MediaConch can also check for “bit flipping” and correct these if found, saving the file from damage caused by an unintentional state switch between 0 and 1, a problem which can occur to bits stored for a long period of time. This can be especially helpful and time-saving when video streams are encoded with FFV1 and each FFV1 frame/slice is “protected” with a CRC checksum. For more information, see our Fixity feature announcement.
MediaConch GUI and MediaConchOnline are built with the same interface. Here are instructions for using either. If using MediaConchOnline, you will first need to register an account by creating a username/password, which will be emailed to you with instructions. Then log in.
MediaConch consists of three main sections: “Checker,” “Policies,” and “Display.”
By default, MediaConch opens in in the Checker section. In this, files are checked for specification validation and for conformance using policies defined by you. You may choose from either an existing policy in MediaConch, from an imported XSL policy file, or you can create your own within the application. MediaConch comes preloaded with several policies.
After selecting file, policy, display, and verbosity and clicking “Check files”, reports are generated below, in the Results section. MediaConch will then produce four reports: Implementation, Policy, MediaInfo, and MediaTrace.
Please see the Reading the Results section above for more information on understanding the reports.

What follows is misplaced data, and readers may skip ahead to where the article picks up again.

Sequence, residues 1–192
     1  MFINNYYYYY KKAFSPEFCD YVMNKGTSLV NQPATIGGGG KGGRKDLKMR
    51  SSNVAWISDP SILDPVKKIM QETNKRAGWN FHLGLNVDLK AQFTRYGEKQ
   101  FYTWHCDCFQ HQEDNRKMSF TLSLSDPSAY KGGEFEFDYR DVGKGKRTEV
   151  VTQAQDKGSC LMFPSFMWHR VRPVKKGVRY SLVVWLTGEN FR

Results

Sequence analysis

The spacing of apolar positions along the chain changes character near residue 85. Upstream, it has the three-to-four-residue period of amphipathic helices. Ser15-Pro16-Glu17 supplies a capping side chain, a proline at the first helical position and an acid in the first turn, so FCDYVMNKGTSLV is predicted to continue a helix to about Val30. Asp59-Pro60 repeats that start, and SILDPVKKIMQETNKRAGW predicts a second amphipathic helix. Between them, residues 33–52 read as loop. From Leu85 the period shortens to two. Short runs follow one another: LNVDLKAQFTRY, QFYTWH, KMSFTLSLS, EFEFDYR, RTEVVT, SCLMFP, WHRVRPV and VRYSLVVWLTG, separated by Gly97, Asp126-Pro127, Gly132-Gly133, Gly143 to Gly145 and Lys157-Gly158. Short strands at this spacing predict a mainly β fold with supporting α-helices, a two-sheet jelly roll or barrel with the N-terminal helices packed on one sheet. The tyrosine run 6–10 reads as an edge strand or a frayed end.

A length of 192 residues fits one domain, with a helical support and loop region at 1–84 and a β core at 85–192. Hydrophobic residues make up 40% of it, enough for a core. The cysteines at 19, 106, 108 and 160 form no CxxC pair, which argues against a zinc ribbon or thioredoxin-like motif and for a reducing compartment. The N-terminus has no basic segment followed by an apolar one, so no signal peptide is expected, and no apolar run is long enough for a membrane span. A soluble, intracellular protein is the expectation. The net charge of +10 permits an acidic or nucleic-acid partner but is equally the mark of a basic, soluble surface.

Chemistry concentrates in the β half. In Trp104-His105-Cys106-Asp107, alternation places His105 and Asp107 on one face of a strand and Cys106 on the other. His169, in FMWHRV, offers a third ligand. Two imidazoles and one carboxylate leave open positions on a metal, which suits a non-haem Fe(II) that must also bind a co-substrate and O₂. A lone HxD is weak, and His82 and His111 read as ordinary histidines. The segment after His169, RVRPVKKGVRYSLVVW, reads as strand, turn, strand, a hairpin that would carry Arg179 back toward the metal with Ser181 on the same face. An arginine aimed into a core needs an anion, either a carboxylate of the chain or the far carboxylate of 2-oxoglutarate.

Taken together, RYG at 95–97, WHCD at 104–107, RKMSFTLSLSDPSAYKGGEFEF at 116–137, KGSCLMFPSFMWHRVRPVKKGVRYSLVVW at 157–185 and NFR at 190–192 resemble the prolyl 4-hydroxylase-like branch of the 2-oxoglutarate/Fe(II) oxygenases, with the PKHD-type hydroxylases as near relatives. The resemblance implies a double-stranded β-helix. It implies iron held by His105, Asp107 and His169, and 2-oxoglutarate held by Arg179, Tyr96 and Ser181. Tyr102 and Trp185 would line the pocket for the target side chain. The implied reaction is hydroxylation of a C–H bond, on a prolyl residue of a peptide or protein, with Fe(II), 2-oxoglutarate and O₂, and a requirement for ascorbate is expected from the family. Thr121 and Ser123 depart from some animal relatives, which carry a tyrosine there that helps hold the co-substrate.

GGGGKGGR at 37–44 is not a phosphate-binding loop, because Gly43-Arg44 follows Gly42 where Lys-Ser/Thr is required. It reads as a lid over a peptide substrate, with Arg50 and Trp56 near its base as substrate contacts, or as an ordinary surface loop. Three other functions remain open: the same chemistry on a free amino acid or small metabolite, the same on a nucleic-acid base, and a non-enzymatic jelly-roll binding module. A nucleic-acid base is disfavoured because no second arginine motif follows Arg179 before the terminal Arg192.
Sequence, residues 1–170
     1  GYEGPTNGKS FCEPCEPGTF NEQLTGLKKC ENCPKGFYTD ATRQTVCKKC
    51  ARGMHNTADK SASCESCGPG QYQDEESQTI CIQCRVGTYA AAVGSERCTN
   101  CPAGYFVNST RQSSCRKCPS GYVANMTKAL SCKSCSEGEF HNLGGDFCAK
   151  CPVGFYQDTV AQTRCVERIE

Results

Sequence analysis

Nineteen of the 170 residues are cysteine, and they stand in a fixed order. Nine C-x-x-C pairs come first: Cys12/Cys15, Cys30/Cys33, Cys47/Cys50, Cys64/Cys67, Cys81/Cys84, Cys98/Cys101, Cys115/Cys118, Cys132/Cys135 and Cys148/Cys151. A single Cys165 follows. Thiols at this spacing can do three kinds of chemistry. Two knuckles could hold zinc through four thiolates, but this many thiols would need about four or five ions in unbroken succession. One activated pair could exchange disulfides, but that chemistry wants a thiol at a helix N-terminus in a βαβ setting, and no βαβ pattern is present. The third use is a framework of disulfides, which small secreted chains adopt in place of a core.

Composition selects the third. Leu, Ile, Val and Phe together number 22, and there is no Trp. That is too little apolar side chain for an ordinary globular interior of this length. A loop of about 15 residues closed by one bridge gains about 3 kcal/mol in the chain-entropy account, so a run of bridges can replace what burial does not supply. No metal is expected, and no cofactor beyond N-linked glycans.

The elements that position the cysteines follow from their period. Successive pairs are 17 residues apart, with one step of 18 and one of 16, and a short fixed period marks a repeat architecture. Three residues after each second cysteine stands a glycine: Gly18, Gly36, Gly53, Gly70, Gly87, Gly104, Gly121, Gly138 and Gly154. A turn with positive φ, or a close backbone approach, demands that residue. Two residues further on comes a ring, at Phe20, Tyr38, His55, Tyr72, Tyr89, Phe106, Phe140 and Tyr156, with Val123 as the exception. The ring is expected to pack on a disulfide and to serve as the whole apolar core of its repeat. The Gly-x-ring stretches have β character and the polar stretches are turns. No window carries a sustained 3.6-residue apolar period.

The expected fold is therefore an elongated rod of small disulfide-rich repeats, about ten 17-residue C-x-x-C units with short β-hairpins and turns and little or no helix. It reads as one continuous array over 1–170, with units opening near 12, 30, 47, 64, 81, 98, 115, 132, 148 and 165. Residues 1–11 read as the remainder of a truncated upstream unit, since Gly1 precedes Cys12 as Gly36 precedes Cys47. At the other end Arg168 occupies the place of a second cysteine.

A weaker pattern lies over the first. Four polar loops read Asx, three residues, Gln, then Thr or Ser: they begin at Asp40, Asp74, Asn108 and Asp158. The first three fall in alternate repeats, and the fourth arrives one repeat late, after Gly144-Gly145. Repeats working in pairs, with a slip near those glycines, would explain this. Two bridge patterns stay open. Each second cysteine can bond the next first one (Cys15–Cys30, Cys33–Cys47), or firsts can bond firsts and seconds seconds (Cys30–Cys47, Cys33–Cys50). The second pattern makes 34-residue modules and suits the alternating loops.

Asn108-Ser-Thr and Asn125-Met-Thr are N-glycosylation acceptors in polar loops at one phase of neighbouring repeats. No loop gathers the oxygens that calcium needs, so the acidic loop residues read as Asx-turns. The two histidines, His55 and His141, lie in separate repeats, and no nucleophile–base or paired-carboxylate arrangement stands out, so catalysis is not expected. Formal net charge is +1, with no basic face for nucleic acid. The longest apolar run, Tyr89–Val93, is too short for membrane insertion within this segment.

Implementation and Policy will give a high-level pass/fail view. If you hover over these results, a “see more” and “download” buttons will appear, just like the MediaInfo/MediaTrace reports.
Implementation and Policy reports will be displayed in the method selected in the above drop-down menu. This can be changed at any time to see the reports in a different view. For MediaInfo and MediaTrace reports, you may navigate through an interactive directory tree structure representing the file created from the reports. Scroll to the bottom of the page to export any of these reports.
For MediaInfo reports, there is an additional button: “Create policy from MediaInfo report”. This can be used to create a policy based on an existing file and will be added to your policies.
* Note: When opening MediaTrace in View Mode, offsets will be addressed in hexadecimal, or “hex” notation. This differs from the MediaTrace XML output, which addresses offset in decimal notation.
Reports can be downloaded by either clicking on the down arrow (↓) found directly to the right of each report, or by clicking on the “Download” button located at the bottom right of each report in View Mode.
In the Policies section, you can create customized policy tests to check for conformance to a specific set of standards that your collection must adhere to. You can also import previously generated policy sets in XSL format.